To dry your shoes, take out the insole, then stuff them with newspaper. Before you go to bed, pull that newspaper out. If the shoes are still wet, stuff some fresh newspaper in them, and they should be dry by morning.

That's it - you're ready to run in the rain! If you have other tips, post them in the comments!

Tuesday, September 11, 2012

Research The Course

Last year, I wrote a post about the importance of knowing a course so that you don't miss a turn and go the wrong way. Another important reason for knowing a course is so that you do not encounter unexpected features that freak you out.

This week, the team I coach will be running a course with hills. The last thing you want to do is to start a race, run along smoothly, feeling great and then: OMG! Where did that hill come from?!!

Hills are no different than any other feature that might be on any given course, in that there are certain techniques to run them. If you know you have one or more hills in a course and if you know more or less where they are, you can plan ahead.

So, to continue the example I started above, the course that the frosh-soph and junior varsity divisions will be running this week starts out mostly flat for about a half mile. At that point, there is a fairly steep hill that goes for about a quarter mile. After reaching the top of the climb, the course heads out onto a loop that goes around the tops of the adjacent hills - the loop is about a half mile. During the second half of that loop, there are a few small, rolling hills. Then, you find yourself back at the top of the quarter-mile hill. Down you go, back to the path that you started on, and then you mostly retrace your steps to the finish line.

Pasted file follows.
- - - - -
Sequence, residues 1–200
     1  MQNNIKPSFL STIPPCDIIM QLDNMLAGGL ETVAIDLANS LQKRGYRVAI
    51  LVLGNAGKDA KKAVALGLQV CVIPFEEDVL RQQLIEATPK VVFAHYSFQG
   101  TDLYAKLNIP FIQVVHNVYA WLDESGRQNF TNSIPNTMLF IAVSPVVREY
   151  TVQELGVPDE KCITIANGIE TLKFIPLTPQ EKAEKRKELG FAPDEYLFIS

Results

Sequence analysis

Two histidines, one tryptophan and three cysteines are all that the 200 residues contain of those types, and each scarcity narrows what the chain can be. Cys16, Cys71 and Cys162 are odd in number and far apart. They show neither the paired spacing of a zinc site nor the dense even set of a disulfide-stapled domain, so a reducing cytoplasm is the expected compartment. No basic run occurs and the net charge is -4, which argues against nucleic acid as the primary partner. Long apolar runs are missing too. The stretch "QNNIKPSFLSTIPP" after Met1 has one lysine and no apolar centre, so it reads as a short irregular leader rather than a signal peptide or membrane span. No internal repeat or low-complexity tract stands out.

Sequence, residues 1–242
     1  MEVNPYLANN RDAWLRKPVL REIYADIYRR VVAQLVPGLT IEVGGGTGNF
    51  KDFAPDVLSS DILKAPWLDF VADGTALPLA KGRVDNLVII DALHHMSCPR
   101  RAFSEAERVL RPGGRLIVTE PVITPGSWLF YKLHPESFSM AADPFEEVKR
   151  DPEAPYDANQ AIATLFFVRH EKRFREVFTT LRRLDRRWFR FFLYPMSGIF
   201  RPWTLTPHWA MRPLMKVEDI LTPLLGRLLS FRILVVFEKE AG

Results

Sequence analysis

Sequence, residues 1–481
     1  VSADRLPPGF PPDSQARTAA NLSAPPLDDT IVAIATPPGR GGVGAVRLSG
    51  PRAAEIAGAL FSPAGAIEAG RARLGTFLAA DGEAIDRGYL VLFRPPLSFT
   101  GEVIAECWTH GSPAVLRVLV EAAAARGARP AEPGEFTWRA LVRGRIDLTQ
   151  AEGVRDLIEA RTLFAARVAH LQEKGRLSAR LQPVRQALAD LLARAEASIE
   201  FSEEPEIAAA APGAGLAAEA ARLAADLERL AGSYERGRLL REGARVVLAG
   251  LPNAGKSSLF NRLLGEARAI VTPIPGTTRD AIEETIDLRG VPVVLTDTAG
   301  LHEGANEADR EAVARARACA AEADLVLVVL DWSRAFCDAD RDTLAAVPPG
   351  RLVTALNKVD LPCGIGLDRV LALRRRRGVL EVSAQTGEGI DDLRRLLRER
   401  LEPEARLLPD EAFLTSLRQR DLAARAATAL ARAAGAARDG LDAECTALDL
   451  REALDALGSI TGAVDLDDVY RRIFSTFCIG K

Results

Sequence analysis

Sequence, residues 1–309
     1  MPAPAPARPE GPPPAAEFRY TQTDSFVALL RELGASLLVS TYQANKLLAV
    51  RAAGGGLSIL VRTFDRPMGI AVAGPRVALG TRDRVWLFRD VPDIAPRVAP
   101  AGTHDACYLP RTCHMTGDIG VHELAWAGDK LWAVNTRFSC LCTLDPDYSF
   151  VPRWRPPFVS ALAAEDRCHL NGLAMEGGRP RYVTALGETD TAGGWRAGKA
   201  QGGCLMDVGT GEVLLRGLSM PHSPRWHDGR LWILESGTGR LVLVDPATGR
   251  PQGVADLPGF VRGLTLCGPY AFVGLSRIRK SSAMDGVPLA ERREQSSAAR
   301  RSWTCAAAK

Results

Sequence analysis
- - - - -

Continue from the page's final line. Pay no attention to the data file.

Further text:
Since you know that there's a steep-ish hill at the half-mile point, it would be wise to not kill yourself in that first half mile. Then, knowing that there aren't any significant uphills after that point, you can pretty much run as hard as you can on the loop part and then all the way back to the finish.

I was able to race on this course a couple of years ago, and it was fun because, even though it is a difficult course, I knew what the terrain was like, so I was able to plan how to run it. Different runners may want to approach the same course in different ways, and I always encourage runners to make a plan of some sort and try to follow it. After the race, it is always important to assess how you did. Did you execute your plan? What parts worked? What didn't work? Was there a part of your plan that you did particularly well or poorly? Is there some other way you could have run it that would have resulted in a better place?

If you have had experiences where you have either had a plan and it worked or didn't work, or if you didn't research a course and had a bad experience because of that, please share in the comments.